18 nov 11  | Nashville Business Journal

Tony Giarratana talks about his latest proposed office tower

by Nevin Batiwalla

High-profile developer Tony Giarratana has declined requests from the Nashville Business Journal and other media outlets to discuss his recently revealed ambitions to build a trio of towers in downtown Nashville.

However, in a nearly 40-minute conversation with Turney Stevens, dean of the College of Business at Lipscomb University, the CEO of Giarratana Properties talks at length about his plans for the corner of Church Street and Fifth Avenue, where Giarratana plans the largest of the three towers. The complete video of the interview is available to the right.

Giarratana envisions a soaring mixed-use building with a 200-room, five-star hotel beneath 700,000 square feet of Class A office space. To fill it, the developer is targeting major corporate headquarter relocations.

During the video, there is plenty of discussion about the proposed building’s unique twisted shape, sustainable design elements, conference center and the partnership with “rock star” firm Chicago-based Adrian Smith + Gordon Gill Architecture.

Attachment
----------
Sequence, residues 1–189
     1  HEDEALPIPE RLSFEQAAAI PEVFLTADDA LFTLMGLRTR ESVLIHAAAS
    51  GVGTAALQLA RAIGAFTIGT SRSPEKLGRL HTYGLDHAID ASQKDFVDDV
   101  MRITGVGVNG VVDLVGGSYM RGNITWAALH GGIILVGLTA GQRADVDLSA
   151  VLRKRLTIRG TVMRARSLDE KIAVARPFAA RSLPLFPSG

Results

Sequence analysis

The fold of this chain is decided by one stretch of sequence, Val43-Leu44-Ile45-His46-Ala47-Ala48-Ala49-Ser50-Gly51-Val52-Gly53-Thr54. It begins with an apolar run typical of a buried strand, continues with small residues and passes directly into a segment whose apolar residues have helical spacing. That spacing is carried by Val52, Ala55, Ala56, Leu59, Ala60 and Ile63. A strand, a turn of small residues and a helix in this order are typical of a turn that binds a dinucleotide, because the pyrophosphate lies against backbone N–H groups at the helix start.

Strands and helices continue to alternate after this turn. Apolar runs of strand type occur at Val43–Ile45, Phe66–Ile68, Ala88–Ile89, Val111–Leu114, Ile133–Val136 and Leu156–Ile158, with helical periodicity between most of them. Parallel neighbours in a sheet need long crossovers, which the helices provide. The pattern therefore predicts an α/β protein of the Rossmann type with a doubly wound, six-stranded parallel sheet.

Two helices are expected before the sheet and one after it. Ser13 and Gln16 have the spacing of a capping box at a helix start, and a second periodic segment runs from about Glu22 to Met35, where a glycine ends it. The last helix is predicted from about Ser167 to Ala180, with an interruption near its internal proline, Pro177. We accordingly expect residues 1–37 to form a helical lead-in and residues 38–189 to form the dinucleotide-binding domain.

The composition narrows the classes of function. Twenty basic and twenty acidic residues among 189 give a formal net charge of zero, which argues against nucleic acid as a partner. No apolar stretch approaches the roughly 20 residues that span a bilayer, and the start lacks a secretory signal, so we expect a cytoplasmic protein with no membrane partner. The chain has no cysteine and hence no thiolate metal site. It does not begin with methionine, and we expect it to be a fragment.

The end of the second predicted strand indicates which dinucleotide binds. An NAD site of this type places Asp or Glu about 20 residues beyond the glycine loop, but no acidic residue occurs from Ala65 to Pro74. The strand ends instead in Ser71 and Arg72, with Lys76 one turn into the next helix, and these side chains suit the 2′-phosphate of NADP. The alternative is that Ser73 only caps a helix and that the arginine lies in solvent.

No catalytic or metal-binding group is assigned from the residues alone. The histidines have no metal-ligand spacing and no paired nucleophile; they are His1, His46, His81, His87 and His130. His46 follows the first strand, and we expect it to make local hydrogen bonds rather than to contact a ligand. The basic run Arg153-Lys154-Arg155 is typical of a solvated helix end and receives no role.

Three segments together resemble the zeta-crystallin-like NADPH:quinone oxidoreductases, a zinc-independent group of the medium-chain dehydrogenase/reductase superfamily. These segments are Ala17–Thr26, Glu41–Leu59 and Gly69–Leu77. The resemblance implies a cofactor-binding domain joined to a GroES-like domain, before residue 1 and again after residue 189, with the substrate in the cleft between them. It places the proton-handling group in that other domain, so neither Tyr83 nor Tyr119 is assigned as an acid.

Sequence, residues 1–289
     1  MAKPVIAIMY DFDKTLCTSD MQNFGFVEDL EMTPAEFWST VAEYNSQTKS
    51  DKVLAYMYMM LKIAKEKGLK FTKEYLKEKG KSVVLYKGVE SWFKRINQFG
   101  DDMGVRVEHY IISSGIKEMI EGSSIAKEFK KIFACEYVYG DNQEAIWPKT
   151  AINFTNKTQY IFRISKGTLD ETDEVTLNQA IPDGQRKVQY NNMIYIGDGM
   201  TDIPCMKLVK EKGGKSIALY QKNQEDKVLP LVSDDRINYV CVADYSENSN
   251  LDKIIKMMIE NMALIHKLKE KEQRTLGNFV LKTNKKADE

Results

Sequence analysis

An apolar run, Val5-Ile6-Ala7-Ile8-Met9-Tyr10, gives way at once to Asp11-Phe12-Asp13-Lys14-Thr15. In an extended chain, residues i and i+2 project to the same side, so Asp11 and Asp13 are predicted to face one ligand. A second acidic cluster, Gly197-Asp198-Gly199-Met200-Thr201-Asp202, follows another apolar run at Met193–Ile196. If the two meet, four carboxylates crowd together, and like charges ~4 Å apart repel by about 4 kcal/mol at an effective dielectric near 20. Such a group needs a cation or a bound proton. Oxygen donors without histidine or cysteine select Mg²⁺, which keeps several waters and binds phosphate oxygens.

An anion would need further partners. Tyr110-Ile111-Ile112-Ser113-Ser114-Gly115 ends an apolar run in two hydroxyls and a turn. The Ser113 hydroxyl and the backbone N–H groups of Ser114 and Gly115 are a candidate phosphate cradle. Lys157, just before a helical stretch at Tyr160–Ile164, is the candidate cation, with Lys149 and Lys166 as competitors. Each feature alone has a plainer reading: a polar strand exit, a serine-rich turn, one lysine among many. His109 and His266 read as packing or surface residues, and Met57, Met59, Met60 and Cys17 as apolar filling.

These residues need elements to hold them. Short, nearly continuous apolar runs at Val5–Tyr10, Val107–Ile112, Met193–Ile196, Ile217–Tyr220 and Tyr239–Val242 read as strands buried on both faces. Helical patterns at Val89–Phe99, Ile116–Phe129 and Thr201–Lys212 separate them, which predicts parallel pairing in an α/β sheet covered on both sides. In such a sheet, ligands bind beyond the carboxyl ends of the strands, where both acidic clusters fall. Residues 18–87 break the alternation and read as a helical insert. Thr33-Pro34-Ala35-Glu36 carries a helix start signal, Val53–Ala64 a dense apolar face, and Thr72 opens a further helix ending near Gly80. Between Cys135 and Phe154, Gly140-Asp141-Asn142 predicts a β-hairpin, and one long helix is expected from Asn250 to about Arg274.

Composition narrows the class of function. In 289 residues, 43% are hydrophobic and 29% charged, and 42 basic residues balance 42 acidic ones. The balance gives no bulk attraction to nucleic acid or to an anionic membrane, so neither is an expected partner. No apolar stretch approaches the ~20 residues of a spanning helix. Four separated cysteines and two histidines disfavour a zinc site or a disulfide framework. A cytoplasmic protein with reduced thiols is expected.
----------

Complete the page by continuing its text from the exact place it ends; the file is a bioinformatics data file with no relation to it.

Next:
However, there’s no mention of financing, preleasing benchmarks, a timetable or potential hotel partners.

On the topic of downtown development, Giarratana told Stevens he feels the central business district “has received little attention during the last couple of mayors’ terms.”

Giarratana stressed that he’s committed to developing something significant at the site, where he for years pursued— without success— building the infamous Signature Tower, once planned to be the tallest building in the Southeast.

“The property is held in trust, and if I die I’ll leave directions for my 15- and 13-year-old child: ‘Please develop something special on this property.’ We’ve shunned every opportunity to sell it at a profit,” Giarratana said.

Near the end of the conversation, the developer talked about how his faith helped him rebound from the Signature Tower ordeal, in which he and his partners lost “eight figures.” Instead of delivering the building at the height of the recession only to eventually lose the whole project in foreclosure or otherwise, Giarratana was able to hang on to the site— something he finds solace in.

“Those years of feeling I was being punished turned into thankfulness, gratefulness,” Giarratana said. “Thank you God for not letting that building get built. All these years it’s been hard to understand it was a blessing. But I now see it as such, and we are able to start anew.”